Jul 30, 2012

Why Olympics coverage looks more like a slideshow

Wondering why some of the television news coverage of Olympic competition looks more like a slideshow? The IOC cracks down on footage used by non-rights holders.

Jason Whittaker — Former <em>Crikey</em> editor and publisher

Jason Whittaker

Former Crikey editor and publisher

Wondering why some of the television news coverage of Olympic competition looks more like a slideshow?

Australian networks — like other non-rights broadcasters around the world — are strategically programming the scraps of footage they’re allowed to play each day. Many programs over the weekend and today have resorted to using still images to illustrate their reports.

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8 thoughts on “Why Olympics coverage looks more like a slideshow

  1. Liz45

    I’m getting sick to death of the hopeless coverage and repeat ads – all the time, it’s pathetic. I’m seriously thinking of giving it all a big miss. Those who set up the rules obviously don’t give a toss for the countries whose time difference is marked. I want to see more LIVE events, not repeats of repeats that Aussies are in.

    The hideous chant of medals as the only priority is nauseating. I think it’s very sad. A typical example of the focus on winning and medals (preferably only gold) is in evidence via the result of the Males Relay Event. All the hype is Gold focused, and today it’s almost like a death the way the media is covering this. There’s no shared responsibility or thoughts to the damage this is doing to the whole team, not just the swimming team.

    I think all the participants are just wonderful for qualifying many events to be selected. I’m thrilled for them when they do well, whether they receive a medal or not. What messages are we, so called mature adults, sending to the competitors, and most importantly, young people? The recent nonsense about Leisal Jones was revolting, to say the least. Now I hope she DOES win Gold – if only to show ’em! It’s a sad indictment on all of us, particularly those close to the issue – organisers, media etc.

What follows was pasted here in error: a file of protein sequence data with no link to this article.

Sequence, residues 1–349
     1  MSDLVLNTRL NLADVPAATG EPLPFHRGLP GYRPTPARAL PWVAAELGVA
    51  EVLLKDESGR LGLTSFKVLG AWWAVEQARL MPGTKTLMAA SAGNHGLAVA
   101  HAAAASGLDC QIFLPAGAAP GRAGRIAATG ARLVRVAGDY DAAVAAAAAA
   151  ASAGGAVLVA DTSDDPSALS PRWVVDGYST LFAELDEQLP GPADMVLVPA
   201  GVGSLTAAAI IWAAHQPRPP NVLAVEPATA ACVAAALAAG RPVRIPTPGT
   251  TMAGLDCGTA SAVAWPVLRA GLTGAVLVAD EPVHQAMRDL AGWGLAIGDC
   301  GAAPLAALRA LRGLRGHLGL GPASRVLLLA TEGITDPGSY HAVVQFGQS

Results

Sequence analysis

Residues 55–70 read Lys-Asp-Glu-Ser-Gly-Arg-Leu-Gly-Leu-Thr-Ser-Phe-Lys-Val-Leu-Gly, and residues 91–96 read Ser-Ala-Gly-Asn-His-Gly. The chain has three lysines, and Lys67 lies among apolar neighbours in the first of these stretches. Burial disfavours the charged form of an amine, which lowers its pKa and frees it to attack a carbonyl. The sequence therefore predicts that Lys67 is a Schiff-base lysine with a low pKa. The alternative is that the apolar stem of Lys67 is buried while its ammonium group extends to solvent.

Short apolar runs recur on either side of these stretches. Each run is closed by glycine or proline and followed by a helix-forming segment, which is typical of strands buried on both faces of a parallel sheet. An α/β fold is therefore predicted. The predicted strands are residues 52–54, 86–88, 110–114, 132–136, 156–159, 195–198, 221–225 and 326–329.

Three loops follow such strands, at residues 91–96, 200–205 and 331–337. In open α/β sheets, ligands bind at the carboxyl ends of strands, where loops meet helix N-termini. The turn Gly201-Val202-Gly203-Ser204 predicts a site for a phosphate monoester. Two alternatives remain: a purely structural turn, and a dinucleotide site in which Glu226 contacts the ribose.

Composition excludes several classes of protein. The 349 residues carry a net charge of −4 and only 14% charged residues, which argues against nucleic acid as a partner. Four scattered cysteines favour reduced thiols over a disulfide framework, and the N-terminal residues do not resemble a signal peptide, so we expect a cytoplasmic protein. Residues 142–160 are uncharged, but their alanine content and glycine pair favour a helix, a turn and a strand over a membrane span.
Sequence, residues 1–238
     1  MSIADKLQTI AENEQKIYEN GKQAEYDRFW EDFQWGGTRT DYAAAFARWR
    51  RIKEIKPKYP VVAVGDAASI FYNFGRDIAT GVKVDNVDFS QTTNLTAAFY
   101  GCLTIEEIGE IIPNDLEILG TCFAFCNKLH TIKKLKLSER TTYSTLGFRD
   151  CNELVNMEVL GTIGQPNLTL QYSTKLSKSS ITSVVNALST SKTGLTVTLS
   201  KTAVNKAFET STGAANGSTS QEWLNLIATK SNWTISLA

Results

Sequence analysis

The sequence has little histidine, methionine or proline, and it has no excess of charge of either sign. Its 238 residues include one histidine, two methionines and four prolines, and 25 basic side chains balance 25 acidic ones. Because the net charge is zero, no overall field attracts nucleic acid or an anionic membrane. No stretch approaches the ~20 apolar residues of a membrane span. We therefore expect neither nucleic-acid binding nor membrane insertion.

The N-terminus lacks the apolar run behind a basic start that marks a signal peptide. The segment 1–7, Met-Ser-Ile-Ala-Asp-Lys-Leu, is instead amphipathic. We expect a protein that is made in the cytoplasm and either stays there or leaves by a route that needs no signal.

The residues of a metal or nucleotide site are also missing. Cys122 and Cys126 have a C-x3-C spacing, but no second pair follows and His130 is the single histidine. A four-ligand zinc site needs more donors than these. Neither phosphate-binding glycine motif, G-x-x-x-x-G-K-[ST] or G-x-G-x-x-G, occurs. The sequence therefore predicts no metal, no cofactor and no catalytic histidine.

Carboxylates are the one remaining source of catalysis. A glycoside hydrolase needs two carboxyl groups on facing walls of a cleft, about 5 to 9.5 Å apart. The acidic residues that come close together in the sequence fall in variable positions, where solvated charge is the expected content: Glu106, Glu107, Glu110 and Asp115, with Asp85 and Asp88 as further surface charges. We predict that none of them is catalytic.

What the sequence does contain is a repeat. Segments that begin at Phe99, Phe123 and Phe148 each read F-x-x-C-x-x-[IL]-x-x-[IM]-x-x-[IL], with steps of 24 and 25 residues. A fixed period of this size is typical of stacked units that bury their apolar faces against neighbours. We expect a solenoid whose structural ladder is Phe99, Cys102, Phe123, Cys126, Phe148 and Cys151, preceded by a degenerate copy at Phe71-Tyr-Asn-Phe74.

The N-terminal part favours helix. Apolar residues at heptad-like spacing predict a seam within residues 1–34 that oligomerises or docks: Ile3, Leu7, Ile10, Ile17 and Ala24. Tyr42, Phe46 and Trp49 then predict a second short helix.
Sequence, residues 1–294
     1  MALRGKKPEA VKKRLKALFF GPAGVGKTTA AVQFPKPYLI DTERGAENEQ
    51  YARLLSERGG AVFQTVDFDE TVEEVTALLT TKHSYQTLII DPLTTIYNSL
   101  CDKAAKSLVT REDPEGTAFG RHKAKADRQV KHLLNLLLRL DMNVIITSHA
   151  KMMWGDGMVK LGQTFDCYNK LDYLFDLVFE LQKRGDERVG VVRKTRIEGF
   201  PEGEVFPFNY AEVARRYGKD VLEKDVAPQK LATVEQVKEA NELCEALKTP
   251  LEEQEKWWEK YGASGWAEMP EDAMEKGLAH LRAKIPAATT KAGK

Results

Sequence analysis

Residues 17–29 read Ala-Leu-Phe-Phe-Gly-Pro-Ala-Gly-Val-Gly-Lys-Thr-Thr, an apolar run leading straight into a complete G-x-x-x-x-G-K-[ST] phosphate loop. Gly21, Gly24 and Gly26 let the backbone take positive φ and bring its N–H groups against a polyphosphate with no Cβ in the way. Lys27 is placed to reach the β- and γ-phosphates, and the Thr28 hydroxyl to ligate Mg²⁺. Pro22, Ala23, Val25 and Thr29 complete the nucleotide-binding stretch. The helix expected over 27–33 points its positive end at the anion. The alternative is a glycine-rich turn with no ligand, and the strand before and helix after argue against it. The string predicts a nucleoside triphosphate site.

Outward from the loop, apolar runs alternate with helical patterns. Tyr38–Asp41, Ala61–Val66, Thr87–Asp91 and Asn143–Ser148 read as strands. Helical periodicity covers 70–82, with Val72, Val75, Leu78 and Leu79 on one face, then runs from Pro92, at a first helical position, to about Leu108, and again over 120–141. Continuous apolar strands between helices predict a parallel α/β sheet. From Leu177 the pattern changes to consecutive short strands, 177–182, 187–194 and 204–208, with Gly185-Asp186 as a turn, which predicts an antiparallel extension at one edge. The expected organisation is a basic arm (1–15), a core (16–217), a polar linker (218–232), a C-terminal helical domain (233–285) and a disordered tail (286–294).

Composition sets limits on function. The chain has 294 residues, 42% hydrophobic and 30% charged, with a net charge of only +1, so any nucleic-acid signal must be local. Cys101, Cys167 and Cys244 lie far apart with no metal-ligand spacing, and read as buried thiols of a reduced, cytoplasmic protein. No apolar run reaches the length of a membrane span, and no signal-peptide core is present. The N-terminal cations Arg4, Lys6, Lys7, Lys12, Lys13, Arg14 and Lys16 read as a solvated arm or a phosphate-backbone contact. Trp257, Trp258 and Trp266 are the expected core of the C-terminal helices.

It’s one race – nobody died! They’re all healthy (well, that might change, thanks to us) and life goes on! Next!

  2. John Bennetts

    I’m quite happy not to be exposed to even 6 minutes of actual Olympic events.

    If only the comments were as brief.

  3. khtagh

    My only question is, why does ABC 24 you have to fill the empty air with snippets of the whinging wing nut every 30 minutes.

  4. Liz45

    KHITAGH – Apparently the rules are so restrictive re actual footage of events – only 6 minutes per day? How damned stupid is that? I think that the organisers have lost the plot. The whole concept was/should be about the competitors and all of us engaged – but, alas, like too many other events, this is all about money, and it’s getting worse. ! I love all those young people who are competing, and wish them the best. I’m in awe of their sacrifice and commitment – and their parents too of course! It’s a damned shame! Gold, gold gold is the important thing, and money above all things is god!

    @JB – Too bad!

  5. zut alors

    Six minutes is more than adequate, two minutes would be even better. I notice that every ABC breakfast radio news bulletin has sport as the lead story – surely it’s time to grow up.

    It’s ironic that the IOC values their games so highly when they can’t even fill spectator seats in the stadium.

  6. Yclept

    I’d be happy if the greedy little men from the IOC stopped all other broadcasters from showing any of their footage on the other channels, and then, if we could only get the other broadcasters to show some decent shows for the two weeks it would be even better. Oh well, back to the DVDs and shows we recorded prior to the circus starting.

  7. beetwo77

    I think considering we pay for the vast majority of the athletes to compete through subsidies to sporting bodies, that we should have unrestricted access to olympic footage and we should demand gold because we spend so much money supporting the athletes. The sacrifices they make are insignificant compared to the sacrifices the Australian people make to get them there.

  8. rossmcg

    As an afternoon shift worker I see very little of the Olympics while I am at work and as it is my pattern to go to bed soon after getting home I will not sit up late as I prefer to get up early and not waste half a day before going to work, I have seen hardly any of the Olympic coverage. And I don’t think I have missed a thing All I need to know can be found on a radio news bulletin or in the headlines on a news outlet’s website.

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